"The Holy Spirit Renews the Earth" – On Pentecost, The Church Is "Born"... And "Sent"
A liturgical feast on a par with Christmas – indeed, the moment which marks the commissioning of Christ's own as leaven in the world – on this Pentecost, Church, Happy Birthday to one and all.
Having spoken of the Holy Spirit's critical, daily role in ecclesial life with greater frequency and intensity than his recent predecessors, at a morning Mass in St Peter's for this 50th day of Easter, the Pope delivered the following brief, yet potent homily (emphases original):
“As the Father has sent me, even so I send you... Receive the Holy Spirit” (Jn 20:21-22); this is what Jesus says to us. The gift of the Spirit on the evening of the Resurrection took place once again on the day of Pentecost, intensified this time by extraordinary outward signs. On the evening of Easter, Jesus appeared to the Apostles and breathed on them his Spirit (cf. Jn 20:22); on the morning of Pentecost the outpouring occurred in a resounding way, like a wind which shook the place the Apostles were in, filling their minds and hearts. They received a new strength so great that they were able to proclaim Christ’s Resurrection in different languages: “They were all filled with the Holy Spirit, and began to speak in other tongues, as the Spirit gave them utterance” (Acts 2:4). Together with them was Mary, the Mother of Jesus, the first disciple, there too as Mother of the nascent Church. With her peace, with her smile, with her maternity, she accompanied the joyful young Bride, the Church of Jesus.
The word of God, especially in today’s readings, tells us that the Spirit is at work in individuals and communities filled with himself; the Spirit makes them capable of recipere Deum [receiving God], capax Dei [with the capacity for God], as the holy Church Fathers say. And what does the Holy Spirit do with this new capability which he gives us? He guides us into all the truth (cf. Jn 16:13), he renews the face of the earth (Ps 103:30), and he gives us his fruits (cf. Gal 5:22-23). He guides, he renews and he makes fruitful.
In the Gospel, Jesus promises his disciples that, when he has returned to the Father, the Holy Spirit will come to guide them into all the truth (cf. Jn 16:13). Indeed he calls the Holy Spirit “the Spirit of truth”, and explains to his disciples that the Spirit will bring them to understand ever more clearly what he, the Messiah, has said and done, especially in regard to his death and resurrection. To the Apostles, who could not bear the scandal of their Master’s sufferings, the Spirit would give a new understanding of the truth and beauty of that saving event. At first they were paralyzed with fear, shut in the Upper Room to avoid the aftermath of Good Friday. Now they would no longer be ashamed to be Christ’s disciples; they would no longer tremble before the courts of men. Filled with the Holy Spirit, they would now understand “all the truth”: that the death of Jesus was not his defeat, but rather the ultimate expression of God’s love, a love that, in the Resurrection, conquers death and exalts Jesus as the Living One, the Lord, the Redeemer of mankind, the Lord of history and of the world. This truth, to which the Apostles were witnesses, became Good News, to be proclaimed to all.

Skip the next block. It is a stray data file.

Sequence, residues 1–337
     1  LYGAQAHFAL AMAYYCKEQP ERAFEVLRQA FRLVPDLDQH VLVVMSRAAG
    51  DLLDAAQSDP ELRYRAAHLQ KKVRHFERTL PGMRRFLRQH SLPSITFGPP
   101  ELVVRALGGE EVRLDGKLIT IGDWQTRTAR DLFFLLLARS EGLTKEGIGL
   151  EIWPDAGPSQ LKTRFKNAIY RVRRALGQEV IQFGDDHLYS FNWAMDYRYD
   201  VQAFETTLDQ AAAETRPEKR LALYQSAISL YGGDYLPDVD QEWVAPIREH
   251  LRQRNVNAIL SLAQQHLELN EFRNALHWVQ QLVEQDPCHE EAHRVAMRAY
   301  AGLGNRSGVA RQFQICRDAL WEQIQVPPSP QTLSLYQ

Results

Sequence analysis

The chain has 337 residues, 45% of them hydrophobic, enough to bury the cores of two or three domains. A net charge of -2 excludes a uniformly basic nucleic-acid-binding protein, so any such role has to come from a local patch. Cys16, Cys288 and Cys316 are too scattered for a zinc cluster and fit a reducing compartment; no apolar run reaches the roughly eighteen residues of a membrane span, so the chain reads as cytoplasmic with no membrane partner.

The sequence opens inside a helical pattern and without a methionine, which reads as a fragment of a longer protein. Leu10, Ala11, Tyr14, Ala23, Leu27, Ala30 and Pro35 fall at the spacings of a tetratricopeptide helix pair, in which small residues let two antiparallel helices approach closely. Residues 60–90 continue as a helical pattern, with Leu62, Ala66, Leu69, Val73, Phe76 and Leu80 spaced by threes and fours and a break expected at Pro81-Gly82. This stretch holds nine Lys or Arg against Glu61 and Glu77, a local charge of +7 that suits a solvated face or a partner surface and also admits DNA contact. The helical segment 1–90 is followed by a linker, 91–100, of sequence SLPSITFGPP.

Then the Holy Spirit renews – guides and renews – renews the earth. The Psalmist says: “You send forth your Spirit… and you renew the face of the earth” (Ps 103:30). The account of the birth of the Church in the Acts of the Apostles is significantly linked to this Psalm, which is a great hymn of praise to God the Creator. The Holy Spirit whom Christ sent from the Father, and the Creator Spirit who gives life to all things, are one and the same. Respect for creation, then, is a requirement of our faith: the “garden” in which we live is not entrusted to us to be exploited, but rather to be cultivated and tended with respect (cf. Gen 2:15). Yet this is possible only if Adam – the man formed from the earth – allows himself in turn to be renewed by the Holy Spirit, only if he allows himself to be re-formed by the Father on the model of Christ, the new Adam. In this way, renewed by the Spirit, we will indeed be able to experience the freedom of the sons and daughters, in harmony with all creation. In every creature we will be able to see reflected the glory of the Creator, as another Psalm says: “How great is your name, O Lord our God, through all the earth!” (Ps8:2, 10). He guides, he renews and he gives; he gives fruits.
In the Letter to the Galatians, Saint Paul wants to show the “fruits” manifested in the lives of those who walk in the way of the Spirit (cf. Gal 5:22). On the one hand, he presents “the flesh”, with its list of attendant vices: the works of selfish people closed to God. On the other hand, there are those who by faith allow the Spirit of God to break into their lives. In them, God’s gifts blossom, summed up in nine joyful virtues which Paul calls “fruits of the Spirit”. Hence his appeal, at the start and the end of the reading, as a programme for life: “Walk by the Spirit” (Gal 5:6, 25).